It’s the perfect blend of old and new, of traditions, religion and the occult. It baffles and amuses me all at once.
As I mentioned, it’s home to great bargains. Around the church are various stalls selling all sorts of things you can imagine. That Sunday, there were several vendors selling fresh produce, almost as cheap as it was in Baguio. But that wasn’t what we were after.
Crossing the underpass, we went to the DVD haven. I won’t go into detail, nor will I go into the piracy thing, but let’s just say that it tot
ally amazes me, both in a good and not so good way.
It also makes me laugh.
After getting what we wanted, we decided to go around Intramuros. Earlier on it was agreed that we won’t go around much today, to save up for the next trip. My uncle and my aunt were frequent visitors of Manila during their childhood, as my grandfather had an office in Escolta. Back in the day, it was the place to be, before Makati.
We saw an area inside Intramuros that had several graffiti works.
I love the old atmosphere of Intramuros. Definitely worth a trip back just to explore it.
It started to rain while we were there, but it wasn’t that strong so we managed to get some pictures. We found an empty stretch of road with sculptures of the Philippine presidents. Guess which one was damaged?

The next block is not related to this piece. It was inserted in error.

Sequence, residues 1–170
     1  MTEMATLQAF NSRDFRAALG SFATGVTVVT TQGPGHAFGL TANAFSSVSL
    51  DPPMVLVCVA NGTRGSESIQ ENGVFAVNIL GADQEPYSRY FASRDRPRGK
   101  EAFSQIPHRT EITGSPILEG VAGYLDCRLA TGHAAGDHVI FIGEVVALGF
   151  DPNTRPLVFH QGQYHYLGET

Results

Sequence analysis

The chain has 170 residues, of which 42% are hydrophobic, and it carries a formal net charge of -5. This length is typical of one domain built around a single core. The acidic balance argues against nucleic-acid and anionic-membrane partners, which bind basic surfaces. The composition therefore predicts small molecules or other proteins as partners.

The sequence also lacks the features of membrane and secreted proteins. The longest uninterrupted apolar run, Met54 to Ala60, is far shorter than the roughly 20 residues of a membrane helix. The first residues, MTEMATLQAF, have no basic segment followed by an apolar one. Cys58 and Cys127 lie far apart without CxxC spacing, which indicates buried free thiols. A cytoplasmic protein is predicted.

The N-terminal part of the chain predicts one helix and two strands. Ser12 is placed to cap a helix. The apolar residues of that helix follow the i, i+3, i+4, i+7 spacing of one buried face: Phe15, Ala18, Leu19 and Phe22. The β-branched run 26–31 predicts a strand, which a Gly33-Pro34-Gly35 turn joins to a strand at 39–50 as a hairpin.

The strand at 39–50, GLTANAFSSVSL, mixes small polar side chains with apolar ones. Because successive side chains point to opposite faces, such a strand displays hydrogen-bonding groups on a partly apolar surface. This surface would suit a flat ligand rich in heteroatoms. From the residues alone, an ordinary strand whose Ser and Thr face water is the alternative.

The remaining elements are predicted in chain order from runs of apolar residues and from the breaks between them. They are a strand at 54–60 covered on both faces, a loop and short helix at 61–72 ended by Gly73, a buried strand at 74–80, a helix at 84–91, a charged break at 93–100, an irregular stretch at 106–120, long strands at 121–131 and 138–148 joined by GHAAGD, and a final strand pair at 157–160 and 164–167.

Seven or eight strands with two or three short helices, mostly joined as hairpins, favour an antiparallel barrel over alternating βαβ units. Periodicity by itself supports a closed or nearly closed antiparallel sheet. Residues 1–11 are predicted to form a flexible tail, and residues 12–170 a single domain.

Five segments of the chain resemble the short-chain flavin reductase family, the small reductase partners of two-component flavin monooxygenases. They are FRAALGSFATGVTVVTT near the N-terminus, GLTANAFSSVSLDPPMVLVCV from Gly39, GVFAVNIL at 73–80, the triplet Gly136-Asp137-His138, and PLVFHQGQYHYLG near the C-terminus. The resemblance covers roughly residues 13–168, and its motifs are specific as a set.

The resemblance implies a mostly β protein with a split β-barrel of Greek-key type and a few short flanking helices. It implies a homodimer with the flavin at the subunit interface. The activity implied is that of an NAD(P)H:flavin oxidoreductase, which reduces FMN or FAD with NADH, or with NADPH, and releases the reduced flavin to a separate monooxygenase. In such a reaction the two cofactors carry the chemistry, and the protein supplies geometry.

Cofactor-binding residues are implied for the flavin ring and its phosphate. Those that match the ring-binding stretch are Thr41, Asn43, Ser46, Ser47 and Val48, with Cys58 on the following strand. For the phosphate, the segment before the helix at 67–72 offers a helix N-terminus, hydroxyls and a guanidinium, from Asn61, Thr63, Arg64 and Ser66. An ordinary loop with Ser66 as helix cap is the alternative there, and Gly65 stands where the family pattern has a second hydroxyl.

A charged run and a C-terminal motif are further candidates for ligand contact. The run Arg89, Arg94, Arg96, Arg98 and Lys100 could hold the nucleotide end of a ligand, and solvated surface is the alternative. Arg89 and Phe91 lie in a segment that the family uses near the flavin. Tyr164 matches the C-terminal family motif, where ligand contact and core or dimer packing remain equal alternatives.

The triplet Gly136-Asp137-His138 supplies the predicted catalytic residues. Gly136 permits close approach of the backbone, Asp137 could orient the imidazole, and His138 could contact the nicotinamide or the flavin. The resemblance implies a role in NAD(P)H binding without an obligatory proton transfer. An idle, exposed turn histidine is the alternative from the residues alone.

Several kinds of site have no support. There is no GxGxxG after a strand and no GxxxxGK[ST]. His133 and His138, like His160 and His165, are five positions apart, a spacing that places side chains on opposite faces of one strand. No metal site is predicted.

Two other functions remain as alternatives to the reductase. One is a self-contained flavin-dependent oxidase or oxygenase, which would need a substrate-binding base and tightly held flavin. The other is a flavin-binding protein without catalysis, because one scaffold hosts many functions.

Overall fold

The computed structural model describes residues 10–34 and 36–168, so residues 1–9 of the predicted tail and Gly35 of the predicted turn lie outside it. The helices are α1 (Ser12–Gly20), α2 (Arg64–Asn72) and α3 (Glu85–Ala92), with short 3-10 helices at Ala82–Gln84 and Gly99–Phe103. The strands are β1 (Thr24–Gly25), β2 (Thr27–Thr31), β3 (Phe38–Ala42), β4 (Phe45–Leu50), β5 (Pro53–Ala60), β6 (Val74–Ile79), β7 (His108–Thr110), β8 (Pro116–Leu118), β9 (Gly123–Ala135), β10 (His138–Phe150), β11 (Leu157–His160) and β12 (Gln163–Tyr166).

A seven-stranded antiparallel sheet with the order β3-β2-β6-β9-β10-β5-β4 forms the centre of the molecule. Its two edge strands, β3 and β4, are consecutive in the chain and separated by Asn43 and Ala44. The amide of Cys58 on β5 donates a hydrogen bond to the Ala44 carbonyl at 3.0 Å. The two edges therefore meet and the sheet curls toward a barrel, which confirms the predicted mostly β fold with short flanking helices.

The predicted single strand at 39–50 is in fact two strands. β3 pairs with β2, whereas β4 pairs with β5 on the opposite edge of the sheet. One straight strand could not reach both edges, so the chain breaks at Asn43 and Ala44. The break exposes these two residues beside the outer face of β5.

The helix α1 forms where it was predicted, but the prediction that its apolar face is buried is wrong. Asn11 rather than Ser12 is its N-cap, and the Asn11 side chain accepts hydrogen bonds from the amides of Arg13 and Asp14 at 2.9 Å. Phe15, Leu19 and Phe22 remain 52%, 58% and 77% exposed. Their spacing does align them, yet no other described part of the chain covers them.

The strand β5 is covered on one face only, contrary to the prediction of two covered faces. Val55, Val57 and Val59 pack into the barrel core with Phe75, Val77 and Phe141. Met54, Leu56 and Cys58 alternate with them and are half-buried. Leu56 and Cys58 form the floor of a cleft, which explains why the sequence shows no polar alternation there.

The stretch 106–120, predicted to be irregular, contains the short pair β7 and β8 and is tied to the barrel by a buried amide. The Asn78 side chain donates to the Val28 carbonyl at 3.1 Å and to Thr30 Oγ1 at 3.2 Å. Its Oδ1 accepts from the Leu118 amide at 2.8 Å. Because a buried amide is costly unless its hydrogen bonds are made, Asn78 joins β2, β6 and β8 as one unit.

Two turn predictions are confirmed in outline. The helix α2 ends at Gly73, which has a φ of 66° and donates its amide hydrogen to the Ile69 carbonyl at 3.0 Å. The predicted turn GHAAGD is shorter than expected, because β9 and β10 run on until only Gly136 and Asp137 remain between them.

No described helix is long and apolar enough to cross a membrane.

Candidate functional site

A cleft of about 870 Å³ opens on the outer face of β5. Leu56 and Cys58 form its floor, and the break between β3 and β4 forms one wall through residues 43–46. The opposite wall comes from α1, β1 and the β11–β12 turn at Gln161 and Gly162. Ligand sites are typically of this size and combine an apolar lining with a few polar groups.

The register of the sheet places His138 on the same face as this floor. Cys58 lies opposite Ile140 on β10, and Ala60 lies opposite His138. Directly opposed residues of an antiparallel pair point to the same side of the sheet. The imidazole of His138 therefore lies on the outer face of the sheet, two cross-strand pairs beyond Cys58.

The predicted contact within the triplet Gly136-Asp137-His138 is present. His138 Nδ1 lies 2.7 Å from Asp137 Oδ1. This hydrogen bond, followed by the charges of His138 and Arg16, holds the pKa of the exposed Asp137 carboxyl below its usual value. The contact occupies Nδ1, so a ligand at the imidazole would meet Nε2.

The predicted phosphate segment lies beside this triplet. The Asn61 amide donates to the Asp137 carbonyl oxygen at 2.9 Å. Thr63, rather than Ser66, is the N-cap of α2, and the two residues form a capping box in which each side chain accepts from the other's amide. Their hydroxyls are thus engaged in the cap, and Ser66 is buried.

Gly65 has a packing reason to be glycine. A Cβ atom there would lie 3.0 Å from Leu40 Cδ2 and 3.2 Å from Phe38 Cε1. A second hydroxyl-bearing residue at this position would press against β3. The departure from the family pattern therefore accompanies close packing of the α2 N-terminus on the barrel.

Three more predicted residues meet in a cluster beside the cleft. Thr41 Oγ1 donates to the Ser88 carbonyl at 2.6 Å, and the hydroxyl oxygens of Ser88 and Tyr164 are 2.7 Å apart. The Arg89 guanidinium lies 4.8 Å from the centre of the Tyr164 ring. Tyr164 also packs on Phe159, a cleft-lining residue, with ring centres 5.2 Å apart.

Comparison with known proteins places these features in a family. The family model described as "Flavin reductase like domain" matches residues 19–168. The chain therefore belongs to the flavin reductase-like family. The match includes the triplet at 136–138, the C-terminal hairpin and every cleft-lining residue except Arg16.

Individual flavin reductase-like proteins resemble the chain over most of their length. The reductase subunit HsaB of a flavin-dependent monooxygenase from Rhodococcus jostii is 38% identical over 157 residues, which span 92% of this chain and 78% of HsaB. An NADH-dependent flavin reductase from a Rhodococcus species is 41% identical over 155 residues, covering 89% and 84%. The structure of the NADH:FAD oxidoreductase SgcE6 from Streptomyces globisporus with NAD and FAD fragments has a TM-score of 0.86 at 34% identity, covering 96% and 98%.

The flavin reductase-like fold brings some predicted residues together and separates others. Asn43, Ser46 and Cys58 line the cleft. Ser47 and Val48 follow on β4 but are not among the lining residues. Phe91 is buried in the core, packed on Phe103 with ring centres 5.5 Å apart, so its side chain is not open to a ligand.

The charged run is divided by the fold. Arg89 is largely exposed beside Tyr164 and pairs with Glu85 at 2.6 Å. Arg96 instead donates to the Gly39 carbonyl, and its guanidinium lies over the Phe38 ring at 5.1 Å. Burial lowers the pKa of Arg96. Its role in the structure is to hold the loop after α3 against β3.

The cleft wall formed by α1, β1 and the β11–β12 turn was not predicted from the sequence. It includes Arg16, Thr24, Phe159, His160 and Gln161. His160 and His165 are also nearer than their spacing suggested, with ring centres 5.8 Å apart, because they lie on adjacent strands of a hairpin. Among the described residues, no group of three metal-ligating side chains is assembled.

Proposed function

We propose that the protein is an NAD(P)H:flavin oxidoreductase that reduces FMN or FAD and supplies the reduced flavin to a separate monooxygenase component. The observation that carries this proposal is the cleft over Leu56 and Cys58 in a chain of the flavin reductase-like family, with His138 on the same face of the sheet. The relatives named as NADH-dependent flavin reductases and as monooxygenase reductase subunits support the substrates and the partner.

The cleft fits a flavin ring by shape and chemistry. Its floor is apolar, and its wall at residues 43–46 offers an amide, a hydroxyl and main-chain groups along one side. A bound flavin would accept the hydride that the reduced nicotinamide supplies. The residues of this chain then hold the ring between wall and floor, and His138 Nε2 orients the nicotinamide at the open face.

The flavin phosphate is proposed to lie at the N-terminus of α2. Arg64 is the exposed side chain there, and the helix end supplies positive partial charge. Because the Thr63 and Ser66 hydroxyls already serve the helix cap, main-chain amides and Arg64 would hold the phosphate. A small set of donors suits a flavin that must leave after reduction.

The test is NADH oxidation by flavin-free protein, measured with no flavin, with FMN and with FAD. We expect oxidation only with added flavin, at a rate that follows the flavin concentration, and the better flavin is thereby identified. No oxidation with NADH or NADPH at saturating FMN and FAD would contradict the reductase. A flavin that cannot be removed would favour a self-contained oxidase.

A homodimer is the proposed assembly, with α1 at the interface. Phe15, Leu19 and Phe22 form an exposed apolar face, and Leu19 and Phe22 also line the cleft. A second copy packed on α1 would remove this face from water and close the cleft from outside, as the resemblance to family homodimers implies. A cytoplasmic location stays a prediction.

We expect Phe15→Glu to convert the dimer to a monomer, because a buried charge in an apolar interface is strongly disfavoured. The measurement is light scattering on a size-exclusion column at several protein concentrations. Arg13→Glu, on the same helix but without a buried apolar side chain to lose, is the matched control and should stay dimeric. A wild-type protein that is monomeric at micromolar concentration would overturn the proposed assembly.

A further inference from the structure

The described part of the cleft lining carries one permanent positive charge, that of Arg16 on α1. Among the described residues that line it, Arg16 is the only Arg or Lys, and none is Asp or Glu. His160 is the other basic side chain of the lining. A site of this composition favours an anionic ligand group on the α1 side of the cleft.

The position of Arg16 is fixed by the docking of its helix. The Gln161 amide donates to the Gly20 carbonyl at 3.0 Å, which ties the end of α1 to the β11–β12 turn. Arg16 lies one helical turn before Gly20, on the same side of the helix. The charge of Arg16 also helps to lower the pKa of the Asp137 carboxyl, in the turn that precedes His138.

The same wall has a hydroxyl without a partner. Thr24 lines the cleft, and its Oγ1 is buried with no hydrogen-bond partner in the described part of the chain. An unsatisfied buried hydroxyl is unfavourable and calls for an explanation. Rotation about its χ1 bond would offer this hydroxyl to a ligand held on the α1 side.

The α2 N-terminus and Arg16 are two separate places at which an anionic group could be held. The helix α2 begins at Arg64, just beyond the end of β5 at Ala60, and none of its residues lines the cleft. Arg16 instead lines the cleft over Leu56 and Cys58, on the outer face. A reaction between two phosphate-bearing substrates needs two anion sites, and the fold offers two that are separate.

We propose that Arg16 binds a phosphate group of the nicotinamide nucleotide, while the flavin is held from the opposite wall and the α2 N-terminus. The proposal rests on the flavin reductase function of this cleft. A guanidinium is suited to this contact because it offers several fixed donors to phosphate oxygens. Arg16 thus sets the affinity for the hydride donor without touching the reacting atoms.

I understand how people feel, but I feel bad for the artist. I hate to see my work destroyed, even if the subject isn’t someone/something everyone likes.
Our last stop of the day was the area near the PICC. The sky was dim, and while we were standing by the (wharf? Dock? Quay?) it started to drizzle. We ended up having snacks at Icebergs, and trying to do a silly thing that Nunik wanted us to try.
We didn’t have dinner, but decided to head on home. Plans for another trip back is underway, this time with better planning as to where to go and what to eat. 🙂
I accompanied my grandfather to his check-up last night. We had a bit of a wait before our turn, and when he started feeling impatient, he chatted with the other people who were also in line to see the doctor. Most of them were in their senior years, and funny enough, their stories started out with tales of their health woes. I mean, why were they there in the first place?
The conversation turned to more interesting topics. It stemmed from how long have they been this doctor’s patients, til it moved on to their occupations, to their ages and their families. One of the men said he was 62, and he asked Lolo his age. My grandfather said, “Guess.” The man didn’t hesitate to say “I’m guessing you’re around 72 or so.”
I’m sure I heard a slightly smug tone in Lolo’s voice when he said, “I’m 84.”